And from what I can see, the worst part of the original incident is not that someone needs to learn how to adapt - though there are plenty who DO -  but that it seems it was all done as a joke, or certainly not as a point of principle, misguided or not.

Unionist

I'm not sure why you keep repeating that it was done as a "joke". I know many people who have religious preferences, don't always get them acknowledged, and then have a choice to make. Sometimes it's a tough choice, sometimes it's easy. All depends on how deeply-held the conviction is, or how important to the individual is the activity which prevents that conviction from being respected. A turban-wearing Sikh who wants to work in hard-hat areas may well decide (like the vast majority of Sikh males in Canada) to doff his turban. I know one who did. That doesn't mean it started out as a "joke".

Anyway, that can't be the important part of this story. The important part is the frightening detachment of the bureaucrats from the reality of human rights and what really matters in this world. I hope they get crushed on this one.

 

6079_Smith_W

Sarcasm, Unionist.

Had it been done as a point of conviction I don't think it should have been allowed either. But at least it would have been an issue of real conflict.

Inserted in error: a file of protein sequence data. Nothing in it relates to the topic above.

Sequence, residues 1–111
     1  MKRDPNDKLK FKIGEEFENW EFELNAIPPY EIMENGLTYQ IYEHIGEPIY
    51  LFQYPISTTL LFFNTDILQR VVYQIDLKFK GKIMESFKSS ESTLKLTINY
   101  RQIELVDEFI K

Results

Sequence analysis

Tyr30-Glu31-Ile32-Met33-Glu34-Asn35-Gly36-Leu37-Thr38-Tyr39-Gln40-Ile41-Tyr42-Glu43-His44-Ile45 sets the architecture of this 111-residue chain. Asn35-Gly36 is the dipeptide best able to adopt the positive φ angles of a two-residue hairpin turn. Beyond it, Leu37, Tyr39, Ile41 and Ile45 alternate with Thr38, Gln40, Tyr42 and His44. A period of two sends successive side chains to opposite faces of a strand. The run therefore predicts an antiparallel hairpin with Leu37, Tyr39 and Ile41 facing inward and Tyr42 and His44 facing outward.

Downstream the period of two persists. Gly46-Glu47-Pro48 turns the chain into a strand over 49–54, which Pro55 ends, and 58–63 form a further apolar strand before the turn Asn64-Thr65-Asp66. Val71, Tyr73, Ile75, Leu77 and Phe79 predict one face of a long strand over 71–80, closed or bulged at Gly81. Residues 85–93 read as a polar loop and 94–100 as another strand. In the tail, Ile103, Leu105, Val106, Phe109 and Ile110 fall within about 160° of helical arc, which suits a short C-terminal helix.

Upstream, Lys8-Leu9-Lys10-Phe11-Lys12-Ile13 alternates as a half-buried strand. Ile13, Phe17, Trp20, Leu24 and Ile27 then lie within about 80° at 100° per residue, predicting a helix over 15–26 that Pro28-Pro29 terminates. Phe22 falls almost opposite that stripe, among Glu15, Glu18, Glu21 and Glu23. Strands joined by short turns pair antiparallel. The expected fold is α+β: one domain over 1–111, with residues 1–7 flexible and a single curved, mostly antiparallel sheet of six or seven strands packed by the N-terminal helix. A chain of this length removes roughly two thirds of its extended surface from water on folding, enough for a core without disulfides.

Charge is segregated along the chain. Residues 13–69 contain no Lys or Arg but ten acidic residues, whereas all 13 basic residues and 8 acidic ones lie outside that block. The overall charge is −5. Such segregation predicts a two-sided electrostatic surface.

If it wasn't done as a point of conviction, I don't see it as any different than the jokes that are cropping up around this about religion requiring people to take their classes in the bar.

It's a joke. A childish one, IMO, if that isn't clear. And frankly, this fellow deserves a slap for it.

If we want to take issue with mis-labelling something, how about the prof (whom I suspect was just being diplomatic) calling him a "reasonable guy"?

(edit)

Actually, re-reading that. You're right, and it's sloppiness on my part. To be clear, if he doesn't even have religious authorities acknowledging his position, he clearly hasn't done his homework. And before engaging in a request that was obviously going to offend, maybe he should have done that. Joke all the same.

 

 

 

 

Unionist

Prof. Grayson is on As It Happens right now.